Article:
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A 75-year-old man was admitted with a non-productive cough and chest discomfort. He had been admitted 2 months previously with left lower lobe (LLL) consolidation for which he received intravenous antibiotics. He had no weight loss or constitutional symptoms. The chest radiograph (fig 1) revealed persistent consolidation and he was urgently referred to the chest clinic for review.
He was an ex-smoker with a 50 pack-year history. 12 years previously he was diagnosed with carcinoma of the piriform fossa which was successfully treated with pharyngolaryngectomy, radical radiotherapy and subsequent tracheostomy. Examination revealed evidence of his previous surgery and a tracheostomy. He had no clubbing or lymphadenopathy and coarse crackles were heard at the left base, as on the previous admission. After treatment with co-trimoxazole for 3 weeks his chest radiograph remained unchanged. A CT scan of the thorax (fig 2) revealed LLL collapse with dense consolidation in the posterior aspect of the right middle and lower lobes. The possibility of aspiration was suggested. Bronchoscopy was performed via his tracheostomy which showed a normal right bronchial tree and only a moderate amount of thick white sputum on the left which was easily cleared by washing. Washings were negative for cytology, culture and acid-fast bacilli.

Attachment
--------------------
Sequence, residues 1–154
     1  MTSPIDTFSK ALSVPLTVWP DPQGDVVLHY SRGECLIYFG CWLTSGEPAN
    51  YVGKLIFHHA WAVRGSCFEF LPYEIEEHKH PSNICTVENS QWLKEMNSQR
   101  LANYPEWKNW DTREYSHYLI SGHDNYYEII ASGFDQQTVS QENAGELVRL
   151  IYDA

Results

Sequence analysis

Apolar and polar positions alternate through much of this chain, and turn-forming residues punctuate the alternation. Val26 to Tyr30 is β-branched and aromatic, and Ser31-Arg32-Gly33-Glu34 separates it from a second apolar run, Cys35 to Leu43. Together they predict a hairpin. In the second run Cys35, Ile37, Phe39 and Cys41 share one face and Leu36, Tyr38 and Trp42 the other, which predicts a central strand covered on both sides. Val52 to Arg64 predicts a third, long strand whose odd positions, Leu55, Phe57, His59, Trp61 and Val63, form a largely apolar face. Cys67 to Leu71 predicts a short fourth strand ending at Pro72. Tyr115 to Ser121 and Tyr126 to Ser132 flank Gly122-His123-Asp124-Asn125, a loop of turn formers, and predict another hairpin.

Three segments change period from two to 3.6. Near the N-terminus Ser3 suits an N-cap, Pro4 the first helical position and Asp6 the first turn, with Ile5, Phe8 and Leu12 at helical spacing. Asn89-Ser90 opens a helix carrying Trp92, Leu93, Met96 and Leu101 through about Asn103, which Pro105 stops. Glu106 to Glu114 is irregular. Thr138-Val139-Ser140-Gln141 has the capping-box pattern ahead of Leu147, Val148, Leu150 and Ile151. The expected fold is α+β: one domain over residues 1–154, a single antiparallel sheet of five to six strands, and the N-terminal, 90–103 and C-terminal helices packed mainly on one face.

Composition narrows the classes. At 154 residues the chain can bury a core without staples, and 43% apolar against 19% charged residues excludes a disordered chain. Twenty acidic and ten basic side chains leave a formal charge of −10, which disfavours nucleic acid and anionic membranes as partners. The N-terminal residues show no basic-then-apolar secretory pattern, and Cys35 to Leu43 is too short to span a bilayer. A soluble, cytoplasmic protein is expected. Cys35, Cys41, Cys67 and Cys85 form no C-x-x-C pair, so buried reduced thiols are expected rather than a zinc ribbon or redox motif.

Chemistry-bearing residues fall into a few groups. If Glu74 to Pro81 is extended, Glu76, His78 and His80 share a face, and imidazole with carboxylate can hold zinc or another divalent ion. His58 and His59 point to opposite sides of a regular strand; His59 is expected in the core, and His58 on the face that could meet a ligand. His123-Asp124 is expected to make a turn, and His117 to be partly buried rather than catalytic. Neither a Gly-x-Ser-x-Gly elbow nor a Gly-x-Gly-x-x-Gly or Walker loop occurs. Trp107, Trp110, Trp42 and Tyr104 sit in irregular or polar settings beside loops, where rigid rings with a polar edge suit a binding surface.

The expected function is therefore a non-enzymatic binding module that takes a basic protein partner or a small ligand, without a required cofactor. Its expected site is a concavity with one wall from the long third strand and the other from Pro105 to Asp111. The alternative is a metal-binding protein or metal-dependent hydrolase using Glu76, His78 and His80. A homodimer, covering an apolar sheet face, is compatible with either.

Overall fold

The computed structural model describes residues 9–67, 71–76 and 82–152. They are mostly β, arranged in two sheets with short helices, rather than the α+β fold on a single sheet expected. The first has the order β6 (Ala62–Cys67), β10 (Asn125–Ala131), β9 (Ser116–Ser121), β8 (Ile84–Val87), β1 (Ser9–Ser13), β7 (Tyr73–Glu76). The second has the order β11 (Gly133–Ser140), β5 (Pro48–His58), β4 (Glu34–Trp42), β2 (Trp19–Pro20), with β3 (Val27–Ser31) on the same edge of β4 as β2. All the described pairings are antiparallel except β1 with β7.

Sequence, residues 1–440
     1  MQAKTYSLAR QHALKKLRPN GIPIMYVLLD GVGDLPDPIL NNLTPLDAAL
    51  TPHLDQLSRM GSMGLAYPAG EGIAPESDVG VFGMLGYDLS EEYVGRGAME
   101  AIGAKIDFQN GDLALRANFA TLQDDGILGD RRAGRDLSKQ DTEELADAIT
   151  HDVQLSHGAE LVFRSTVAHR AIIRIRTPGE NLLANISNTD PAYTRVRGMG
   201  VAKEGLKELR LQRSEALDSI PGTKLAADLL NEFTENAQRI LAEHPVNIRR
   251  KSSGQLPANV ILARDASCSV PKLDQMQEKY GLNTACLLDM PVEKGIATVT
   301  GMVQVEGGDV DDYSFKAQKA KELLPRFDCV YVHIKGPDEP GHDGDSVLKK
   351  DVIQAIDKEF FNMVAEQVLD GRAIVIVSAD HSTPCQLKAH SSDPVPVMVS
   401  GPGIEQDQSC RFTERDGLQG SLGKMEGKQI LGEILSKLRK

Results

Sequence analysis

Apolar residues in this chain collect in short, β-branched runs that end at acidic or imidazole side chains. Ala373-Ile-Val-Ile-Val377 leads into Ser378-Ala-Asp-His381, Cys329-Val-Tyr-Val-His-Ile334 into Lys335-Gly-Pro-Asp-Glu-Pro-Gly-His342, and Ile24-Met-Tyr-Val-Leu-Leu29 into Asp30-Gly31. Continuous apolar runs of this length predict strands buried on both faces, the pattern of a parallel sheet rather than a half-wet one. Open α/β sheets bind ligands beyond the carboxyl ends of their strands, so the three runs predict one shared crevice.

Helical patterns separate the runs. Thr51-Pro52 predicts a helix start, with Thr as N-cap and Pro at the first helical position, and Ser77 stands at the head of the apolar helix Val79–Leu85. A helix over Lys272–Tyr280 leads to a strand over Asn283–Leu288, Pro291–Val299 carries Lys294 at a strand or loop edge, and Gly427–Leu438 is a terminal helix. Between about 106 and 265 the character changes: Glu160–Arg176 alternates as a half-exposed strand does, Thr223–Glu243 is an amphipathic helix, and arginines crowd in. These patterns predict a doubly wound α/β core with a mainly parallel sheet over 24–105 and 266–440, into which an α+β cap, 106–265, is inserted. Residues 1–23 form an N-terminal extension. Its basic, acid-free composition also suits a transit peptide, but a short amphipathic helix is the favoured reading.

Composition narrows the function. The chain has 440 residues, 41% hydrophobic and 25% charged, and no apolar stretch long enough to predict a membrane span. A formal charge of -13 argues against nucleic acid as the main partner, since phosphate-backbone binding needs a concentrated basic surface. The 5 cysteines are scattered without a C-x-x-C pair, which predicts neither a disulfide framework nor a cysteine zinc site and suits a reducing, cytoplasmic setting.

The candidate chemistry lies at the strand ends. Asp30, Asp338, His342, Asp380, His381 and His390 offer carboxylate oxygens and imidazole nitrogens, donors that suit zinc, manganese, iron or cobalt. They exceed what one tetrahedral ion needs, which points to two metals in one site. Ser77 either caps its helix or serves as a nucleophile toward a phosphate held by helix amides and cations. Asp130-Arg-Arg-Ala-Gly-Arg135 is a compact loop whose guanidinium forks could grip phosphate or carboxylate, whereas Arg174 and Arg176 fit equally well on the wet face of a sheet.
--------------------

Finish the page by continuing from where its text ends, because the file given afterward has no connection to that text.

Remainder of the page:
CT-guided biopsy (fig 3) showed fibrosis, elastosis and numerous macrophages (CD68 positive, fig 4) with several multinucleated giant cells surrounding spaces, presumed to contain fat. Black carbon pigment was seen in the interstitium and within macrophages. Occasional associated needle-shaped refractile crystals were present and a chronic inflammatory cell infiltrate of lymphocytes. There was no evidence of malignancy.
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